Elizabeth Dole Foundation
Hidden Heroes
Caregiver Journey Map Campaign for Inclusive Care

Robyn Loveland

For everything he loses, I try to find something to take its place.

At what moment did you realize you were a military caregiver?

I realized I was a military caregiver when I recognized that I would have to quit my job to devote myself to taking care of my husband. The defining moment came after he got lost trying to meet me at his favorite pizza joint and was half an hour late—seriously late for this strict military man. When I called to find out where he was, I found he was across town in a parking lot and could not remember where he was supposed to be. In the past, being a lawyer had defined my identity but I soon discovered I wasn’t really losing anything by not practicing law. I could still use my skills and education to be an effective healthcare advocate for him and my family.

How do you address some current challenges?

The residual effects of Tad’s brain injury are progressive. The question becomes, “How do we maintain a good quality of life for Tad knowing he is developing early onset dementia/Alzheimer’s disease?” For everything Tad loses, I try to find something to take its place. For example, Tad can no longer ride a motorcycle, so we replaced it with an RV so we can go camping.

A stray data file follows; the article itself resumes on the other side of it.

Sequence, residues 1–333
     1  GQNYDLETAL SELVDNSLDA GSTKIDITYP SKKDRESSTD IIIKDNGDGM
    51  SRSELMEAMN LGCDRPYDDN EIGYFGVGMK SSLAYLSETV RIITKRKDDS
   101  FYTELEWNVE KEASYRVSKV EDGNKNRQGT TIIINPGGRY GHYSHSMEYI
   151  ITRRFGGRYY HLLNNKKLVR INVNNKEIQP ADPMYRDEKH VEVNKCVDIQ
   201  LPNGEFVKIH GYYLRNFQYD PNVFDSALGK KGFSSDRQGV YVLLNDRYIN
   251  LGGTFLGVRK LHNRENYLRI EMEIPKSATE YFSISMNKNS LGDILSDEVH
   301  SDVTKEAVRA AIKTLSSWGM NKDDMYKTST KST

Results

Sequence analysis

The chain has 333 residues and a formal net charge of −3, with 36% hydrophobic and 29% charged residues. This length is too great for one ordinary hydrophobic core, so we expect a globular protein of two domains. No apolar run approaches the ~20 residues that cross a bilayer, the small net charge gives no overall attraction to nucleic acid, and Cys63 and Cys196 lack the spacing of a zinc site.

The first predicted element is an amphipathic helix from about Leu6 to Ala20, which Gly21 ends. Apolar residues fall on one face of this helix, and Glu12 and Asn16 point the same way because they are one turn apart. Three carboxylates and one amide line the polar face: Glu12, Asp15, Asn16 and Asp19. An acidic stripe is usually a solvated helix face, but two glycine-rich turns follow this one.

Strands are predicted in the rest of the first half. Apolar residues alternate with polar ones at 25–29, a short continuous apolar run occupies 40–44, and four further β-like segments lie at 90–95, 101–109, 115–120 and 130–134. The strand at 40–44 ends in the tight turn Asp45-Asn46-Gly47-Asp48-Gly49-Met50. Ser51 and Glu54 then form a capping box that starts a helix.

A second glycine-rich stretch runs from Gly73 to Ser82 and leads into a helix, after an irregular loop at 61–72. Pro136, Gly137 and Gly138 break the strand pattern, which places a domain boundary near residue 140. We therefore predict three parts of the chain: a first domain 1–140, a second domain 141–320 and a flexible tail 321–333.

How has being a military caregiver changed you?

Becoming a military caregiver has made me more patient. Before I say things I stop, step back and think, “Is this him or is it the brain injury?”  I’ve also become more carefree, because I never know what will happen tomorrow, or even today.

My Story

Robyn had dated Tad in high school. They crossed paths again when they were in their forties, right after Tad had retired from a 22-year career as a combat engineer specializing in bomb detection, disposal, and route clearance in the Army. Robyn was taking a break from her law practice to raise her children and write a book. Together, they sought innovative methods of healing Tad’s multi-symptom conditions from neurotoxic exposure in the Gulf War (“Gulf War Illness”), spinal damage from Airborne jumps, traumatic brain injury (TBI) from improvised explosive device (IED) explosions, and post traumatic stress.  

As a Dole Caregiver Fellow, Robyn helps other caregivers thrive in their roles through supporting education, optimism, and belief in their unique power to create change.